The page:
Obesity Treatment Choice Depends on Medication Side Effects, Patient Characteristics


The range of medication choices to treat obesity is expanding, and a rational prescribing plan requires a solid grasp of medication side effects.

The range of medication choices to treat obesity is expanding, and a rational prescribing plan requires a solid grasp of medication side effects.

Caroline M. Apovian, MD, director of the Center for Nutrition and Weight Management at Boston Medical Center, said in addition to the approved prescriptions being used, off-label use of medications may be considered in some cases. She presented these options during a pharmacology-focused session at Obesity Week in Boston, MA on November 5, 2014.

Apovian reminded attendees that non-drug interventions, including lifestyle, diet, and behavior modification counseling, should be used for at least 6 months before considering use of medication in individuals with obesity. These interventions should continue during pharmacotherapy and are considered the cornerstone of effective weight management programs.

Discussing newer agents, she began with Lorcaserin, a selective serotonin 2c receptor agonist. This is a novel agent that promotes feelings of satiety. Lorcaserin tends to produce a modest total weight loss of 3-5% of body weight, but some patients will have a robust response: approximately 25% of patients will lose at least 10% of their body weight. Clinicians should assess weight loss at 3 months and move the patient to another medication if at least 5% weight loss has not occurred at that point. Side effects, overall, tend to be modest: fatigue is common, and headache and dizziness also occur in about one in six patients. Lorcaserin is dosed at 10 mg twice daily.

Phentermine and topiramate, both previously approved agents, are now available in an extended-release combination format. Phentermine, the sympathomimetic moiety, suppresses appetite, while topiramate acts on GABA receptors and is a carbonic anhydrase inhibitor, promoting satiety. Each medication tends to counterbalance the side effect profile of the other. Nevertheless, insomnia or somnolence may still occur, and patients sometimes report bothersome paresthesias, probably related to topiramate’s carbonic anhydrase inhibition. Dosing for phentermine/topiramate begins at 3.75/23 mg for two weeks, then may be escalated to a mid-range dose of 7.5/46 mg. the maximum dose is 15/92 mg. Discontinuation should involve a taper.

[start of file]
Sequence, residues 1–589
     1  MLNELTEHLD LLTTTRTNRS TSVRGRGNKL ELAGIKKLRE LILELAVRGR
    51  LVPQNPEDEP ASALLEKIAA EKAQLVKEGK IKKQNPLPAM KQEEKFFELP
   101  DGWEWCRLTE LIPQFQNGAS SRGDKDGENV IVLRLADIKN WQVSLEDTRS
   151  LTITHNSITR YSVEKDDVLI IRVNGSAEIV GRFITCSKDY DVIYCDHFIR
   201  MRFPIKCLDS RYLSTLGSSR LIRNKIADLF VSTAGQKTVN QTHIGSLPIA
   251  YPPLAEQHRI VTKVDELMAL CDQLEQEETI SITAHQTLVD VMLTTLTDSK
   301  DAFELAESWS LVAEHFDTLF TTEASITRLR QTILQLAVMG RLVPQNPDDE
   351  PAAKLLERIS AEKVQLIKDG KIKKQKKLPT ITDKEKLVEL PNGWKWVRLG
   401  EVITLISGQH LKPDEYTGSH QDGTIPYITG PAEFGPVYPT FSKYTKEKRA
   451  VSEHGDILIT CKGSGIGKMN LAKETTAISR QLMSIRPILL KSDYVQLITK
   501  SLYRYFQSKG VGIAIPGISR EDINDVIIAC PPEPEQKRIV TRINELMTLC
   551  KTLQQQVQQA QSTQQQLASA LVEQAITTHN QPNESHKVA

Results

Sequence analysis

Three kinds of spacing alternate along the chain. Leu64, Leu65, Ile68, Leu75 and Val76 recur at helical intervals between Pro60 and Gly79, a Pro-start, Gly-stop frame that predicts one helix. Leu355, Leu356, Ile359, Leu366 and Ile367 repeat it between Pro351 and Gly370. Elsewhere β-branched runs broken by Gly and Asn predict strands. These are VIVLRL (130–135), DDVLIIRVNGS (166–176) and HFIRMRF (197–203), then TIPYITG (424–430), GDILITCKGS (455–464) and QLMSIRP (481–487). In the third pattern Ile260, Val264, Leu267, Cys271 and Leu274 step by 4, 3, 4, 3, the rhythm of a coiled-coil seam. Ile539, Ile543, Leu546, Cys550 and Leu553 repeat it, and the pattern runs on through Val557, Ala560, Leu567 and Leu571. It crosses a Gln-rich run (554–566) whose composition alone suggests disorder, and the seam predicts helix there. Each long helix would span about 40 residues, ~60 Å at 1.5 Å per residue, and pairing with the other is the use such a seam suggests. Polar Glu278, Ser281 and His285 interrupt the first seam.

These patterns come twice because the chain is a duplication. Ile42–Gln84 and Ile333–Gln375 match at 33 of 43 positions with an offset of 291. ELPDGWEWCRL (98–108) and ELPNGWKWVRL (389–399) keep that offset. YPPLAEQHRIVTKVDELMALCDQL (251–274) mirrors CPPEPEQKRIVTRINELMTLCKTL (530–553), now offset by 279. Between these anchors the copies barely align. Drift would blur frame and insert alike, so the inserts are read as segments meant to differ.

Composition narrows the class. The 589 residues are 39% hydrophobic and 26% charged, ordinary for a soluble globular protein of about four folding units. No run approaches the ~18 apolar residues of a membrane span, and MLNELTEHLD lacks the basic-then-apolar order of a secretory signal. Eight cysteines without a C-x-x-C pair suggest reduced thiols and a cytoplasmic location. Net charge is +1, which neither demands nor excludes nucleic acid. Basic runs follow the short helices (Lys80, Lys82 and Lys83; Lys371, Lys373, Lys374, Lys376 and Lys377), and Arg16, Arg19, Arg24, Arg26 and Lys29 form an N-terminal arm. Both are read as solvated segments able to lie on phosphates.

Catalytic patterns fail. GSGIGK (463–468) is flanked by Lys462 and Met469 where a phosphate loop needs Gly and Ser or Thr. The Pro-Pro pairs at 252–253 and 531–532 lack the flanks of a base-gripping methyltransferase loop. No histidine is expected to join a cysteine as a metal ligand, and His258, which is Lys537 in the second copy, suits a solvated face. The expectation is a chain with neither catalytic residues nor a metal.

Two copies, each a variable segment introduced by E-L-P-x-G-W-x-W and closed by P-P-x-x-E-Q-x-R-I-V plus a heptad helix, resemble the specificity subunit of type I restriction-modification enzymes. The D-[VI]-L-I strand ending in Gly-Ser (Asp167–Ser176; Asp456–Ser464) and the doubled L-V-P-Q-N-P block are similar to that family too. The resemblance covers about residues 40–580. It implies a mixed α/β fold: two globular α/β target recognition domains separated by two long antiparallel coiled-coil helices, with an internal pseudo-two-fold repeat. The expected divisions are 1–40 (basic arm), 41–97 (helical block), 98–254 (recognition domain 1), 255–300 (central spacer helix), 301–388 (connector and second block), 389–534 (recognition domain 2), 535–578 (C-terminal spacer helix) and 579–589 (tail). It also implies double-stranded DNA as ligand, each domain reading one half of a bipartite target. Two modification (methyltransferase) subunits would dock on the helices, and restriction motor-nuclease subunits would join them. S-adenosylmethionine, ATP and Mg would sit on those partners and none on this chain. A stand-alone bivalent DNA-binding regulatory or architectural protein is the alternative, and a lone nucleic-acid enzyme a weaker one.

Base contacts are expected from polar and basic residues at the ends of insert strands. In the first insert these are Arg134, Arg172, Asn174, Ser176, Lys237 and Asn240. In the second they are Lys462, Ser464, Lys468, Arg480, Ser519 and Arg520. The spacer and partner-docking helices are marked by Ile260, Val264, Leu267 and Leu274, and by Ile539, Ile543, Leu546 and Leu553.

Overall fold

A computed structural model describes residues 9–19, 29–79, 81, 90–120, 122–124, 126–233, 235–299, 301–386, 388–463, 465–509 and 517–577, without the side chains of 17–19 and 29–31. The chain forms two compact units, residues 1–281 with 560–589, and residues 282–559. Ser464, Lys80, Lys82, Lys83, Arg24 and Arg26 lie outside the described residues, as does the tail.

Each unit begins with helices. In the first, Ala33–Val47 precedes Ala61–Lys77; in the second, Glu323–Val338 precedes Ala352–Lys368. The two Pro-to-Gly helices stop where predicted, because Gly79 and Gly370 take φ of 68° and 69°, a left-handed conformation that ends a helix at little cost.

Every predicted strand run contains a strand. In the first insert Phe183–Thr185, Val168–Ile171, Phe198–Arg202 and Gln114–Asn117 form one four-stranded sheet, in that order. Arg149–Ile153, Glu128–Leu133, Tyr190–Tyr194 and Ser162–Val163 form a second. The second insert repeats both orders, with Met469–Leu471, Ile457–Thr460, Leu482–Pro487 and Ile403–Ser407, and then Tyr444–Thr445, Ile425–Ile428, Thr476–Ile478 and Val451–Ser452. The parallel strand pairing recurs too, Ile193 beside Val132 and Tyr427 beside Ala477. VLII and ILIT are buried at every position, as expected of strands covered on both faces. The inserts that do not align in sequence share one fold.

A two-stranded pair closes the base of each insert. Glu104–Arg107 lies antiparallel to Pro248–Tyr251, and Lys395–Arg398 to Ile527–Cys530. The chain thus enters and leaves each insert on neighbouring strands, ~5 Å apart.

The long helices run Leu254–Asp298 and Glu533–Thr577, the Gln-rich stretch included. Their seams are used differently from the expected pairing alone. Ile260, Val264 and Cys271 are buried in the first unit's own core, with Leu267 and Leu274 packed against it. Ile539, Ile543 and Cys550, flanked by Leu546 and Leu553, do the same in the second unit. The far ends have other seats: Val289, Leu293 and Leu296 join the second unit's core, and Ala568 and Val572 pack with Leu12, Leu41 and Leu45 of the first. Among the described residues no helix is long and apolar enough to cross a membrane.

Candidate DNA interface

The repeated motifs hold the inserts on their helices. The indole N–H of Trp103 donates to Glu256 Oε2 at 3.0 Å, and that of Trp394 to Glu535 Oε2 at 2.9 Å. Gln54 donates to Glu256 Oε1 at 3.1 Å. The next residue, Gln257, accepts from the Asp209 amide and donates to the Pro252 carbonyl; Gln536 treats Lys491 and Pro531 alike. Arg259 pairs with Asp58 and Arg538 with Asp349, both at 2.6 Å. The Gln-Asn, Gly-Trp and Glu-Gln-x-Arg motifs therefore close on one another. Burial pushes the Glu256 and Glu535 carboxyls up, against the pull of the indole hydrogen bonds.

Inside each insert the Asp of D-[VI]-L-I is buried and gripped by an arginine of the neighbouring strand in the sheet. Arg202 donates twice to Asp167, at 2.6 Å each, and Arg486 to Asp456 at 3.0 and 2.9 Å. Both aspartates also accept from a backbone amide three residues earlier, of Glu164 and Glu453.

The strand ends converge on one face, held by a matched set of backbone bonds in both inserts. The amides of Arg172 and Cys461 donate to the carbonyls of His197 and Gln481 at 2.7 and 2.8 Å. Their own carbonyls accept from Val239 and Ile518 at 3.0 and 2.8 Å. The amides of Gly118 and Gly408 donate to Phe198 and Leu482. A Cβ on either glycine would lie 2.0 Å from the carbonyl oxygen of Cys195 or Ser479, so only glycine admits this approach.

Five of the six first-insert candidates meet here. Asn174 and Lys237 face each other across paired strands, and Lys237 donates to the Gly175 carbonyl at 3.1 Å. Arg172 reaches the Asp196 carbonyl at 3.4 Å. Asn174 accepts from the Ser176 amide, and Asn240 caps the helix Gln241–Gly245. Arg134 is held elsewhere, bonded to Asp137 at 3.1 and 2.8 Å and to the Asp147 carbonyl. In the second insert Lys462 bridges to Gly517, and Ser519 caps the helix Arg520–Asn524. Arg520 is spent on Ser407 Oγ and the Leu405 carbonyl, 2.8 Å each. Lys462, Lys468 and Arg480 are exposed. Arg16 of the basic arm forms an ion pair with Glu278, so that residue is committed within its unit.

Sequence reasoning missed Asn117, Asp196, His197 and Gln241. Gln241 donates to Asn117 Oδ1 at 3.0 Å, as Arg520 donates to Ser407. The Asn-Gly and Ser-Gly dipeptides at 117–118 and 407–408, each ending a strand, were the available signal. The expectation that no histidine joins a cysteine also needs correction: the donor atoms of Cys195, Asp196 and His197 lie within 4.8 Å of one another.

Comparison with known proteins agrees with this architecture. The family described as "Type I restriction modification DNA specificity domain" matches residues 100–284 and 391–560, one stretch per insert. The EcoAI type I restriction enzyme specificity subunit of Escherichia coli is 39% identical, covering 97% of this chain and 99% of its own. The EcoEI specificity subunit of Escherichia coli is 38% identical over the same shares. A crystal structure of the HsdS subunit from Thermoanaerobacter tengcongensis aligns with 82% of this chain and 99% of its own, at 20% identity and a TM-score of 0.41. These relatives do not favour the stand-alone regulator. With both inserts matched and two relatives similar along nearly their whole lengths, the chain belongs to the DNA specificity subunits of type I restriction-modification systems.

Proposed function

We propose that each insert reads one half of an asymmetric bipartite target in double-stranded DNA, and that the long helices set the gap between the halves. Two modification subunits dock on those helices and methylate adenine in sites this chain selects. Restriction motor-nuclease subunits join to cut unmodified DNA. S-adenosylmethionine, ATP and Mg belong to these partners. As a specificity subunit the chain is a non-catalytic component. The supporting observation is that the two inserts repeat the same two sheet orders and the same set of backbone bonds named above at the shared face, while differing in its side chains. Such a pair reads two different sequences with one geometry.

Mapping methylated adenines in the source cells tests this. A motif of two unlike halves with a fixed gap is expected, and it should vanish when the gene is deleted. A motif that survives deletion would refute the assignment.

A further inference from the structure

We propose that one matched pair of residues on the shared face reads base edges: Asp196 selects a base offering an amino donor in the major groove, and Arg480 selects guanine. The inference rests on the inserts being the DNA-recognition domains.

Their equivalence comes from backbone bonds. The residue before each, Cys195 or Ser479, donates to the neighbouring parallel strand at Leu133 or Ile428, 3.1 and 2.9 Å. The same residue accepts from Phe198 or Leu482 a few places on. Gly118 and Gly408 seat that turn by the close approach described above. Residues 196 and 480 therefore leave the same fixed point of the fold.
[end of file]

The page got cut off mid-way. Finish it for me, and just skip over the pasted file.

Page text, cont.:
Another combination of previously available agents, naltrexone/bupropion, also takes advantage of synergy between the two components. Bupropion inhibits uptake of both norepinephrine and dopamine, promoting satiety; naltrexone, a mu opioid agonist, blocks inhibition of feedback to allow satiety signals to be processed. Naltrexone alone has never been used as a weight loss agent. Side effects, which can include nausea, constipation, headache, and dry mouth, tend to moderate over time and can be mitigated with the suggested graduated dosing schedule. Since a transient increase in blood pressure (mean elevation, 1.5 mm Hg) can occur, patient characteristics should be considered before prescribing. Patients take one pill with 8 mg naltrexone and 90 mg bupropion once daily for a week, then add one pill per week to reach a twice daily 16/180 mg dose at the end of four weeks.

An agent currently approved for type 2 diabetes mellitus (T2DM), liraglutide, is expected to be approved for the treatment of obesity soon. This glucose-like peptide-1 (GLP-1) receptor agonist is thought to regulate appetite through hypothalamic action. Nausea is a common side effect that tends to abate over time; in general, liraglutide is well tolerated. When studied for use in individuals with obesity, medication adherence was not affected by the fact that this is a daily injectable medication.

Moving to a discussion of off-label use of medications to treat obesity, Apovian framed the discussion in terms of synergy with treatment for other conditions. For example, individuals with T2DM may expect some weight loss with metformin; exenatide and liraglutide may also produce weight loss. Other agents to consider include the novel class of sodium- glucose cotransporter 2 (SGLT2) inhibitors and pramlintide.

Apovian advocated considering bupropion as first-line treatment for individuals with depression and obesity, even before using a selective serotonin reuptake inhibitor. She advised avoiding Paxil in depressed individuals with obesity, noting that data are strongest for weight gain with this medication.

Beta blockers should be avoided in hypertensive individuals with obesity when possible, Apovian advised, since they can promote weight gain. Similarly, if insomnia is an issue for a patient with obesity, they should not take antihistamines for sleep.

Moving to the practical issue of the cost of some of the newer combination medications, Apovian pointed out that each component may be prescribed separately if insurance coverage and cost are an issue. If phentermine and topiramate are prescribed, she advised instructing patients to take phentermine in the morning and topiramate near bedtime, to avoid daytime sedation and insomnia. However, she also noted that expert guidelines on the use of this and other anti-obesity medications will soon be forthcoming and that the guidelines will recommend that only obesity experts should prescribe drugs off-lable for weight loss.

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